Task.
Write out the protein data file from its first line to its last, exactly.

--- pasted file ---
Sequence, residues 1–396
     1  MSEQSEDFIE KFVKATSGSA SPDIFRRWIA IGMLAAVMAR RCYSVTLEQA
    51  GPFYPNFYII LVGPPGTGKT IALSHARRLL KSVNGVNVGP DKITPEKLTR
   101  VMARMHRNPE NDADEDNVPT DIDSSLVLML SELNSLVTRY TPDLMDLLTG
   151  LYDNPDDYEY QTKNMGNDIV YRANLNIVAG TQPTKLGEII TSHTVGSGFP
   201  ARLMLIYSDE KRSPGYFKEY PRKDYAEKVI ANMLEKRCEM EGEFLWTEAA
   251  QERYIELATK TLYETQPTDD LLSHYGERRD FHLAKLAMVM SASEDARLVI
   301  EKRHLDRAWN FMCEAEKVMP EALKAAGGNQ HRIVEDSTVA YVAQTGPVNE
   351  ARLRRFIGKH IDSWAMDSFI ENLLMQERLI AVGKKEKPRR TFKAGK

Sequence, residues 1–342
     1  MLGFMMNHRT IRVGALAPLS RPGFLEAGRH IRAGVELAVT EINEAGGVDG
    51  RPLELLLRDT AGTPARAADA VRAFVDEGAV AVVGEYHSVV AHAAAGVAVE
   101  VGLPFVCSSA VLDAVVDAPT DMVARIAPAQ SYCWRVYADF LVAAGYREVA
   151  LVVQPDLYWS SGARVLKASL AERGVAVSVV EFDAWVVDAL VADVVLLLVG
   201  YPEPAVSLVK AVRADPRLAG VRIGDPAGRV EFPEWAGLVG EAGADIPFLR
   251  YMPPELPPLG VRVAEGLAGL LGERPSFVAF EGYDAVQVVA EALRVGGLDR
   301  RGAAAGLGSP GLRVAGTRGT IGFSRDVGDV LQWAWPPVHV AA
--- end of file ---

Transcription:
Sequence, residues 1–396
     1  MSEQSEDFIE KFVKATSGSA SPDIFRRWIA IGMLAAVMAR RCYSVTLEQA
    51  GPFYPNFYII LVGPPGTGKT IALSHARRLL KSVNGVNVGP DKITPEKLTR
   101  VMARMHRNPE NDADEDNVPT DIDSSLVLML SELNSLVTRY TPDLMDLLTG
   151  LYDNPDDYEY QTKNMGNDIV YRANLNIVAG TQPTKLGEII TSHTVGSGFP
   201  ARLMLIYSDE KRSPGYFKEY PRKDYAEKVI ANMLEKRCEM EGEFLWTEAA
   251  QERYIELATK TLYETQPTDD LLSHYGERRD FHLAKLAMVM SASEDARLVI
   301  EKRHLDRAWN FMCEAEKVMP EALKAAGGNQ HRIVEDSTVA YVAQTGPVNE
   351  ARLRRFIGKH IDSWAMDSFI ENLLMQERLI AVGKKEKPRR TFKAGK

Sequence, residues 1–342
     1  MLGFMMNHRT IRVGALAPLS RPGFLEAGRH IRAGVELAVT EINEAGGVDG
    51  RPLELLLRDT AGTPARAADA VRAFVDEGAV AVVGEYHSVV AHAAAGVAVE
   101  VGLPFVCSSA VLDAVVDAPT DMVARIAPAQ SYCWRVYADF LVAAGYREVA
   151  LVVQPDLYWS SGARVLKASL AERGVAVSVV EFDAWVVDAL VADVVLLLVG
   201  YPEPAVSLVK AVRADPRLAG VRIGDPAGRV EFPEWAGLVG EAGADIPFLR
   251  YMPPELPPLG VRVAEGLAGL LGERPSFVAF EGYDAVQVVA EALRVGGLDR
   301  RGAAAGLGSP GLRVAGTRGT IGFSRDVGDV LQWAWPPVHV AA